FAQ’s

Can diabetes be prevented?

Yes. Type 2 diabetes, by far the most frequent form of this disease, could be prevented in the great majority of cases.

Why should we prevent diabetes?

We should try to prevent diabetes-

  • To reduce human sufferings
  • To alleviate the economic burden
    • The annual direct healthcare costs of diabetes worldwide, is estimated to be at least 153 billion international dollars.
    • It is estimated that diabetes accounts for between 5% and 10% of total healthcare spending in most countries and up to 25% in some
  • To prevent morbidity and mortality from diabetes, because in every 24 hours...
    • 3,600 new cases of diabetes are diagnosed.
    • 580 people die of diabetes-related complications.
    • 225 people have a diabetes-related amputation.
    • 120 people with diabetes progress to end-stage renal disease.
    • 55 people with diabetes become blind.

Why, then, the rate of diabetes is increasing rapidly worldwide?

Diabetes is increasing because of

  • Aging of the population.
  • Increased urbanization especially in developing countries.
  • More sedentary lifestyle
  • Food consumption patterns, more food with high fat content and more refined carbohydrates.
  • Increase prevalence of obesity.

What are the factors associated with diabetes?

It is well known that the tendency to develop diabetes is inherited. However, for the disease to manifest itself in predisposed individuals, other conditions are also required; the most significant are abdominal adiposity and sedentary habits.
In fact, even individuals with a strong inherited predisposition will never develop diabetes if they stay slim and fit. Some factors can be modified and some cannot.

Modifiable Non Modifiable
Behavioral and lifestyle-related such as obesity, physical inactivity, unhealthy dietary habit, stress and drugs etc. Genetic factors such as family history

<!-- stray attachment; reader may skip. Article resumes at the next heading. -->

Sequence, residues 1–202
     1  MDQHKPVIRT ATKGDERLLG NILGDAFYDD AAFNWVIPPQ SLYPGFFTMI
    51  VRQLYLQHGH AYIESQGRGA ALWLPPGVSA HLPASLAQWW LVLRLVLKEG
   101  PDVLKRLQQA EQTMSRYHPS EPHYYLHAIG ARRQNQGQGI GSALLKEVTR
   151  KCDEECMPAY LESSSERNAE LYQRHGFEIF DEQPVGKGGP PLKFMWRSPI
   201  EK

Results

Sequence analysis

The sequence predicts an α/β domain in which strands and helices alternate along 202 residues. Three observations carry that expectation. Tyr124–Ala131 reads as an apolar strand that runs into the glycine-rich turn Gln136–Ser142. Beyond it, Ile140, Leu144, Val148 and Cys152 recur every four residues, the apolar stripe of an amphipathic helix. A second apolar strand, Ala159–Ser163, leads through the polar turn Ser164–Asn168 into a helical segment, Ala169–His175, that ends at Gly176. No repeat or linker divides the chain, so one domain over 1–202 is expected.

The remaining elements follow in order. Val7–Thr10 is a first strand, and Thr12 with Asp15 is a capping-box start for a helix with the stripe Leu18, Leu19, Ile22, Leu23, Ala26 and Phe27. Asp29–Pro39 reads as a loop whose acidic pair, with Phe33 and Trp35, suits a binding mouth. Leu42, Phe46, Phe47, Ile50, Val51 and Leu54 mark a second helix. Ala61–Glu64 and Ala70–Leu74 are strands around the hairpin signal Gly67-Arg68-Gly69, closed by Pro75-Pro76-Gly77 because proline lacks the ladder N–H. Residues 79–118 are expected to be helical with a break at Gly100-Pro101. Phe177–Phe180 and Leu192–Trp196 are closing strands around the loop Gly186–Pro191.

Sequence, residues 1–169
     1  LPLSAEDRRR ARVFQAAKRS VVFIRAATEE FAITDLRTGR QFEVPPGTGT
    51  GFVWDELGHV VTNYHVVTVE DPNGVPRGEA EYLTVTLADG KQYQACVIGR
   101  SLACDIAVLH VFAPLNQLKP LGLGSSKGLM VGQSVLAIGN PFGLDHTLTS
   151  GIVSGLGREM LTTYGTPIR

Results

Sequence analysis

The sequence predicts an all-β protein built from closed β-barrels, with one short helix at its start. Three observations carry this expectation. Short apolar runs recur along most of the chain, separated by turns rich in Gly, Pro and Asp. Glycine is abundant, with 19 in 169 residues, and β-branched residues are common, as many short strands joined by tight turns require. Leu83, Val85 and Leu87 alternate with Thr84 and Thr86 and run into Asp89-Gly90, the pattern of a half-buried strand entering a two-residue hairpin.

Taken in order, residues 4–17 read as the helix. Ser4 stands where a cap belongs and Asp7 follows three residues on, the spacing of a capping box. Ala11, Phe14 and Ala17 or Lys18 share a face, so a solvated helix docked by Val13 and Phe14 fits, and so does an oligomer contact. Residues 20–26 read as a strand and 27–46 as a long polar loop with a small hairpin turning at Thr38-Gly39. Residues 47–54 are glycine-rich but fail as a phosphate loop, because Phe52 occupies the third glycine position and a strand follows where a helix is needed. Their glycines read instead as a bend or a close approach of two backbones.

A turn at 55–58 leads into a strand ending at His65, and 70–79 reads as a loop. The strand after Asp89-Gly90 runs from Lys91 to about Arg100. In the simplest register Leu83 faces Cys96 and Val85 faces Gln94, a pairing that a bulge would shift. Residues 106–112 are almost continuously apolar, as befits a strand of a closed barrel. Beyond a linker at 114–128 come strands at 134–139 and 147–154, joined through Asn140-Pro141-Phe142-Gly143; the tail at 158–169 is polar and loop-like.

Previously identified glucose intolerance (IGT and/or IFG) Demographic determinant such as age, gender and ethnicity
Metabolic syndrome History of gestational diabetes
Intrauterine environment Polycystic ovary syndrome

What are the levels of prevention?

3 levels of prevention. These are-
Primary prevention refers to avoiding the onset of the disease.
Secondary prevention means early detection of diabetes and prompt initiation of treatment to prevent/delay the complications.
Tertiary prevention aims to prevent/delay more advanced complications.

Tell some simple ways of diabetes prevention and also its future complications?

One should follow these recommendations ---

Life-long
……….healthy eating
……….daily physical activity
……….all things in moderation

TIP: Everyone needs to do these things, whether they obese, overweight, or normal weight.

Recommendations
Based on the findings of lifestyle prevention studies, international bodies like the International Diabetes Federation (IDF) recommends that:

  • Everyone is encouraged to engage in at least 30 min of moderately intense (e.g. brisk walking) most days of the week.
  • Everyone should be encouraged to maintain a healthy weight.
  • Adults with BMI > 25 kg/m2 in Europids and > 23 kg/m2 in Asians should be encouraged to attain and maintain a healthy weight and/or 5–10% weight reduction.
  • Children should be encouraged to attain and maintain weight for height in the normal range.

What are the obstacles and barriers for diabetes prevention?

Economic problems: unavailability of needed resources.
Socio-cultural problems like-

  • Obesity is not considered negatively.
  • No value given to physical exercise.
  • Changing diet is very difficult.
  • No time is granted to do physical exercise at work.
  • Fatalism.
  • Lack of data, knowledge and skills.